Dependent and independent variables were cross tabulated with each socio demographic characteristics related factors, and Sexual activity and practice of contraceptive. There were statistically significant associations observed between age of the respondents (χ2=0.09, p=0.0187), sex (χ2=0.01, p=0.00), religion (χ2=0.15, p=0.0242), educational level of the family (χ2=0.01, p=0.000) with sexual activity and There were statistically significant associations between age (χ2=18.00, p=0.00), marital status (χ2=21.5, p=0.00), age at first sexual intercourse (χ2=11.5, p=0.009) parent occupation (χ2=11.7, p=0.00) and educational level of the family (χ2=43.1, p=0.00) with contraceptive use, however there is no associations between sex, religion and ethnicity with ever used contraceptive.
Initiation of sexual activity at earlier age can leads to an increase life time number of sexual partners, lower probability of use of contraceptive and higher probability of having STIs .
This study revealed that, 45.9% students were sexually active, out of these sexually active 37.3%, started it at 16-19 years of age, and 29.7% them starts early at age of 15 and below years.
This finding was higher than what has been identified in the study conduct in southern Nigeria where 40% of them were sexually active and 26% of them started it at age of 19 years , the study at Jimma University in which 228(39.9%) students were sexually active and what reported on EDHS where 32% had sexual intercourse before age 15 years . Conversely , lower than what has been observed in Cameron where 53% of the students were sexually active  , the study in Kenya where 48-77% of male have had coitus , 17% to 67% of females  , the study conducted in Uganda where 84% of the male and 81.5% of female were sexually active and the mean age at first coitus was 15.1 years for male and 15.5 for females  and the study done in Ethiopia at Addis Ababa where 60% of them were sexually active, the mean age at first coitus was 15.3years for females and 16.4 for male .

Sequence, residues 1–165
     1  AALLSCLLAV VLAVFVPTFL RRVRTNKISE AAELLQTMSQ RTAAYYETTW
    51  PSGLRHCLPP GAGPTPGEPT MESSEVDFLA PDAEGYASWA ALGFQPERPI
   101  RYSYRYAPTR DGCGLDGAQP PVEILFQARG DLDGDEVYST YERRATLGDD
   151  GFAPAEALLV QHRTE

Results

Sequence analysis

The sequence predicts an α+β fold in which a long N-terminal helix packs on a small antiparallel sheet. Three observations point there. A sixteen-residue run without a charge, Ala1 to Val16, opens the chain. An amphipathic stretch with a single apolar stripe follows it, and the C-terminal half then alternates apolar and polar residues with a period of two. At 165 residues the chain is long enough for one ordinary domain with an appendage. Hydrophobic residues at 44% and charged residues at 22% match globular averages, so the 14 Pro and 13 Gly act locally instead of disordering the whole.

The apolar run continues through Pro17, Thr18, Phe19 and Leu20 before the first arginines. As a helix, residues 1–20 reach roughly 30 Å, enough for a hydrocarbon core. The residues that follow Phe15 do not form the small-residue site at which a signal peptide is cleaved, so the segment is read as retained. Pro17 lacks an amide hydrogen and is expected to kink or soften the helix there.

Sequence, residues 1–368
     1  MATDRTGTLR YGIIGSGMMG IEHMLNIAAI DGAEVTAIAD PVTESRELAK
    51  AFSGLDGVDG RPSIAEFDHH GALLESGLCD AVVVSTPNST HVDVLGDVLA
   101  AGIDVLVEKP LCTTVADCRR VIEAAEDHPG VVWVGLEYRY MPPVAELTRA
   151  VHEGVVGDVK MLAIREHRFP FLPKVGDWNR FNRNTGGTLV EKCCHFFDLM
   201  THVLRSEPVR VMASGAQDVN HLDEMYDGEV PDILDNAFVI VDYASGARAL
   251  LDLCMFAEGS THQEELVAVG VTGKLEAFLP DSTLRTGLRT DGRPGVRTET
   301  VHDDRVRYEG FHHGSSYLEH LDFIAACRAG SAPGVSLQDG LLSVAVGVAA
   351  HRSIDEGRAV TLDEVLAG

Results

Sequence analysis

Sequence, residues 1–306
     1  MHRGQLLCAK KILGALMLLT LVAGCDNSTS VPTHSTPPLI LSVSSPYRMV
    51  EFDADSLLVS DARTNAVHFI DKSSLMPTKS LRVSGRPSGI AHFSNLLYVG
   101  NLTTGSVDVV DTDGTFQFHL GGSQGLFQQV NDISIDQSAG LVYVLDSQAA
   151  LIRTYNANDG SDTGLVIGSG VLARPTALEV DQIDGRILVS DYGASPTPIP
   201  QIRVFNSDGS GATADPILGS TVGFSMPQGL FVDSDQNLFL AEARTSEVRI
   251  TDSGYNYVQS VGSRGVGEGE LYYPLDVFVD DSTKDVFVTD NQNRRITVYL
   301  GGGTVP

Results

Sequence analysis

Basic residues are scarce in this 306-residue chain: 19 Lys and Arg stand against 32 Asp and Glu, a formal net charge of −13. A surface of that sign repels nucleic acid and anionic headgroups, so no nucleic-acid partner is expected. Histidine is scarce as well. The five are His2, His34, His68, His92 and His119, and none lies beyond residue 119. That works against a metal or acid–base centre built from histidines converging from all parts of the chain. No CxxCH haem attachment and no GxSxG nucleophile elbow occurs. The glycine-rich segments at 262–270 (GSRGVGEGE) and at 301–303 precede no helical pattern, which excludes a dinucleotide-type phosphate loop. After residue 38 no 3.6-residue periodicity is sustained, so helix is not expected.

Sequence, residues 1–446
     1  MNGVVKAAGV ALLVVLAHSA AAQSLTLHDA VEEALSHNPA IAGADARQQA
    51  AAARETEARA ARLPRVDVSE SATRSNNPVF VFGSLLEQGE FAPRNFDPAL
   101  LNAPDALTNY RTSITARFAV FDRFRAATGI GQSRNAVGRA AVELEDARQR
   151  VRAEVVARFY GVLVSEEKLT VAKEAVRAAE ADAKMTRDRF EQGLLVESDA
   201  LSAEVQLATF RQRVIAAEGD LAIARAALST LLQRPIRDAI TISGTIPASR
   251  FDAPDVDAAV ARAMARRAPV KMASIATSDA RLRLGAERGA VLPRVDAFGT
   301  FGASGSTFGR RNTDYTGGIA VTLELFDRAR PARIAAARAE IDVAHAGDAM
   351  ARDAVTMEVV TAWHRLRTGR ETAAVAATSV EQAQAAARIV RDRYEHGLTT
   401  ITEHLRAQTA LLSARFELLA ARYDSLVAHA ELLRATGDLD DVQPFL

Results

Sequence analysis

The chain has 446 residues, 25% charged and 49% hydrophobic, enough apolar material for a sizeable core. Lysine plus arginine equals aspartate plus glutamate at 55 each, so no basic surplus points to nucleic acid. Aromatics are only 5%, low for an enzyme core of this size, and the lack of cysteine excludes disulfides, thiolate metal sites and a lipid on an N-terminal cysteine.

The likely expiations for this dissimilarity might be due to difference in study period, level of education of the study subjects involved, operationalisation variables, policy concern, geographical location and cultural background of the study population, the college students came from different corners with different experiences and separation from the family.
This study also identified that among sexually active students 80.5% were using any types of contraceptive methods.
This finding was by far higher than the study conducted in Cameron where 41% of those sexually active used any contraceptive method during their recent intercourse , the study conducted in Uganda where greater than 80% sexually active students had awareness on contraceptive but only 25% used contraceptive .